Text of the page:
November 20, 2013
WASHINGTON—The U.S. Conference of Catholic Bishops’ (USCCB) Subcommittee on Aid to the Church in Central and Eastern Europe evaluated and approved grant proposals for 2014 during the bishops’ annual fall General Assembly, November 11-14, in Baltimore.
The subcommittee approved 61 grants for a total of $1,608,639 in aid. These grants will finance pastoral, educational and construction projects in Central and Eastern Europe, extending into Central Asia. The projects focus on rebuilding Catholic schools and orphanages, the formation of seminarians, and the preservation of Catholic education and intellectual life in 28 countries. These grants are funded by the annual Collection for the Church in Central and Eastern Europe.
“This Collection offers a valuable opportunity for Catholics in the U.S. to show solidarity with countries in Europe where the Church is struggling to take its place in society after 60 years of oppression under Soviet rule,” said Bishop Blase J. Cupich of Spokane, Washington, chairman of the Subcommittee on Aid to the Church in Central and Eastern Europe. “Many of our people don’t realize that the legacy of communism still impacts the daily life of the Church and we need to tell the story of that suffering and invite the help of U.S. Catholics, especially those whose ancestors emigrated from these countries.”
One initiative selected for funding, “Nuns for Jews,” will document the lives of Catholic nuns who suffered and were killed while helping Jews during World War II. The subcommittee awarded a $47,000 grant to the Diocese of Drohiczyn, Poland, to begin the research. The project goals include honoring forgotten martyrs, contributing to Jewish-Christian dialogue, and overcoming prejudice toward the role of the Catholic Church during the war. “Nuns for Jews” is a follow-up project to a previously-funded project entitled “Priests for Jews,” which portrayed the activities of priests during World War II.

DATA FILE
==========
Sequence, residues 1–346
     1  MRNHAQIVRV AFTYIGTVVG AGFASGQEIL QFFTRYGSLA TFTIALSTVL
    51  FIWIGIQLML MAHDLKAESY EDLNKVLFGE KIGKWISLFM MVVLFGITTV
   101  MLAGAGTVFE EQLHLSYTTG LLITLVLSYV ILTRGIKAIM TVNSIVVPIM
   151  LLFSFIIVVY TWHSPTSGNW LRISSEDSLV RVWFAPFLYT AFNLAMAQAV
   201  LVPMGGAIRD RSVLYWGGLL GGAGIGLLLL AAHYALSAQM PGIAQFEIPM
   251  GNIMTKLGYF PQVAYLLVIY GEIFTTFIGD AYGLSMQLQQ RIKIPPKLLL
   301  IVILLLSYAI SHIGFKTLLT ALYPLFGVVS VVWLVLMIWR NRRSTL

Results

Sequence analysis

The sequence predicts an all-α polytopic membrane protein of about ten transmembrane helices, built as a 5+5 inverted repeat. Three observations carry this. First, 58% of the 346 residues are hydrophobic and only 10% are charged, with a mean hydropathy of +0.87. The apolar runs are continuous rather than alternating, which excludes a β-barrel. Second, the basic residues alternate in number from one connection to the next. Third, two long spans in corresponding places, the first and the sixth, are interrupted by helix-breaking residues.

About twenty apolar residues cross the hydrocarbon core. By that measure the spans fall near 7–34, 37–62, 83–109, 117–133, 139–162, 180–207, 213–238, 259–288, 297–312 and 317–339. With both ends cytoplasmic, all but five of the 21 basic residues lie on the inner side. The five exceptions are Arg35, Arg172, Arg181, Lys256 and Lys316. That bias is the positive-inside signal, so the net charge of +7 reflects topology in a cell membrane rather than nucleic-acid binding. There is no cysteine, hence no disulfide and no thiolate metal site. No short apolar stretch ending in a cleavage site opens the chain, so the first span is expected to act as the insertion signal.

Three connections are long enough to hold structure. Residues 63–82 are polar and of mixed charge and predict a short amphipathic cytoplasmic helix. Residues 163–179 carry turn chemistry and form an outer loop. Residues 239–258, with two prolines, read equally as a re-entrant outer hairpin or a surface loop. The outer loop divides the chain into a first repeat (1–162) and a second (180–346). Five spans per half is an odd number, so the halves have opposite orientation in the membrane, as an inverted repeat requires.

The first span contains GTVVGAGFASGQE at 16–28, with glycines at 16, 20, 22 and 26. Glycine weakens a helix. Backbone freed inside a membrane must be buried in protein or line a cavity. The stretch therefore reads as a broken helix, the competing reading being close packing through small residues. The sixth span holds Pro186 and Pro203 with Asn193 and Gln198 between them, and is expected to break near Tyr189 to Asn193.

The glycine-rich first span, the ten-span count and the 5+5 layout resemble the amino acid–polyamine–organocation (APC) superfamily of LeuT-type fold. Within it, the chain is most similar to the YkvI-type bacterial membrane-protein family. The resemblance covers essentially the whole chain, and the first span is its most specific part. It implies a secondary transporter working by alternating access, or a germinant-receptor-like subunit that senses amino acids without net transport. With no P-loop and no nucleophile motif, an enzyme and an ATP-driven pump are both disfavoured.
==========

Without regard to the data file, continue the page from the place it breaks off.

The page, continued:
Several projects funded by the collection are for Catholics living in the areas of Russia formerly under Soviet communist rule. These regions are known for extreme cold and brutal weather. Many inhabitants struggle with poverty, alcoholism, and unemployment. These projects aim at encouraging Catholics as they face these hardships with faith and hope. Projects also help people to have ready access to priests and the sacraments.
“We, an immigrant people, owe Europe a great debt of gratitude for the faith we have received from the immigrants of these lands,” said Bishop Cupich. “It is true that the economy is slowing recovering, but the Church in these countries is facing new challenges: a growing secularism and atheism. The projects funded by this Collection are vital to strengthen the faith there for future generations.”
The national date for the Collection for the Church in Central and Eastern Europe is on Ash Wednesday. However, some dioceses take up the Collection at other times during the year.
More information on the work of the Subcommittee on Aid to the Church in Central and Eastern Europe is available online at: www.usccb.org/catholic-giving/opportunities-for-giving/central-and-eastern-europe/index.cfm
Keywords: USCCB, U.S. bishops, U.S. Conference of Catholic Bishops, evangelization, ministry training, clergy, reconstruction, pastoral, lay formation, Collection for the Church in Central and Eastern Europe, Bishop Blase J. Cupich, diocese, grants, Subcommittee on Aid to the Church in Central and Eastern Europe, national collections
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